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Iraq mulls for largest oil hedging deal

To lock in prices for future crude sales, Iraq is mulling an oil hedging program. The country is though at very early to stage to explore a hedge, as noted by Falah Al-Amri, the head of Iraq’s state oil-marketing company, known as SOMO.

He stated, "We will not rush. This is a long process." He also noted, "We must make sure we do not lose money. You know the Iraqi parliament, it would not accept that."
According to experts, if Iraq goes ahead with its plan, it would require to make contracts for price protection to about 400 million barrels a year of crude. This will be the large hedge than Mexico, which currently uses contracts to cover about 250 million barrels a year. Petroleos Mexicanos, the state-owned oil producer also known as Pemex, this year also hedged its output, an additional 100 million barrels.

Although oil hedging is common in the private sector, for example by U.S. shale producers to lock-in revenues and airlines to guarantee a maximum price for their jet-fuel, they are rare among oil-producing countries. Apart from this, only a few nations have publicly disclosed hedge programs. Ecuador and Ghana are in that list along with Mexico.
Oil-producing countries face a number of obstacles to hedge. Mexico has spent on average $1 billion a year buying options contracts that give it the right, but not the obligation, to sell at a predetermined price. The size of the transaction could roil the market, sending prices lower. Any losses could carry a heavy political price.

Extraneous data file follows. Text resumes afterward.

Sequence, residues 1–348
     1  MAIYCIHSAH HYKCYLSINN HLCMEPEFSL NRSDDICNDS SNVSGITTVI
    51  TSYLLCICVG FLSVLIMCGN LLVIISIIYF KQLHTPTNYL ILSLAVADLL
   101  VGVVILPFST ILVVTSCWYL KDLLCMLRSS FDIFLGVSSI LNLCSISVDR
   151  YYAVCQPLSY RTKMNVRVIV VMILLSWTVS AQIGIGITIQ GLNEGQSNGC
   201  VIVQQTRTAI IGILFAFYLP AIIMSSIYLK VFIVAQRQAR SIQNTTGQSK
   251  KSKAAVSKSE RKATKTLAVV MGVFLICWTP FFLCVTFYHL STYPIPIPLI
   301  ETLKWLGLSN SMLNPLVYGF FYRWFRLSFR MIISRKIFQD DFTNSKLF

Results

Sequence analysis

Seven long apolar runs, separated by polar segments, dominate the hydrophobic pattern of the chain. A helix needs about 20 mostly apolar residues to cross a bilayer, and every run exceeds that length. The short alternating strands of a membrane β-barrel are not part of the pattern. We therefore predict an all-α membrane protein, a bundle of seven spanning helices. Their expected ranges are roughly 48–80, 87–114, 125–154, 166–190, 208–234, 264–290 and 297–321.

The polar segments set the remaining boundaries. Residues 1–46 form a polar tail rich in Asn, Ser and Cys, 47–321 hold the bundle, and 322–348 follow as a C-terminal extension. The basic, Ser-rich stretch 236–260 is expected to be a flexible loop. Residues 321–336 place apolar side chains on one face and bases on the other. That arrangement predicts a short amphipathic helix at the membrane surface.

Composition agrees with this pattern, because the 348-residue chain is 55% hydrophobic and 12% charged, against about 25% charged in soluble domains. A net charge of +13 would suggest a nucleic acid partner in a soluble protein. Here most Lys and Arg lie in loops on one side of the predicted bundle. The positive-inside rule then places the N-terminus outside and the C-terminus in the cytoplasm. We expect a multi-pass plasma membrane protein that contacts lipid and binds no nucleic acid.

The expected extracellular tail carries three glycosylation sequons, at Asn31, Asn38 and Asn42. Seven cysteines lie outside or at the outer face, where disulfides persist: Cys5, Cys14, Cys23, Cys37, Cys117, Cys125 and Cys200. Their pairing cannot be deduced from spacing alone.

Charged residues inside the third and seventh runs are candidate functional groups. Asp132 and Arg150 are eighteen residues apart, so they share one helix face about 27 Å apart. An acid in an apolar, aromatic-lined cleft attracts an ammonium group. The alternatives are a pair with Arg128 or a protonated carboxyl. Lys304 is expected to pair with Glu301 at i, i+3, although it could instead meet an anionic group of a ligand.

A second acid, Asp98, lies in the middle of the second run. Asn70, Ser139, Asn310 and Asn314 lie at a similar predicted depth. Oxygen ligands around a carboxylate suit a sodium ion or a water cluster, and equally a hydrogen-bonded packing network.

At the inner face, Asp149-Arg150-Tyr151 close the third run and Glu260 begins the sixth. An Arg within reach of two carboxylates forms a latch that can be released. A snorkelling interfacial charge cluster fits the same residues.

Oil traders and bankers who monitor the Mexican oil hedge have said in the past the program contributed to push oil prices lower at least in 2008 and 2014.
However, Al-Amri has not explained the type of hedge that would be adopted by Iraq. He just noted that Iraq is in a learning process.

He said, "We are sending people for training with international companies and they will learn about hedging and how we can do it. We will study and make a proposal to the government."
The hedging program would be a departure from usual business practices in the Middle East, where producers sell crude largely under long-term contracts with refiners. Iraq is already testing out new ways of selling oil, for example auctioning crude cargoes on the short-term market.
Al-Amri concluded that transformation of SOMO is unstoppable.
Updated 27 May 2017 | Soruce: Bloomberg | By S.Seal
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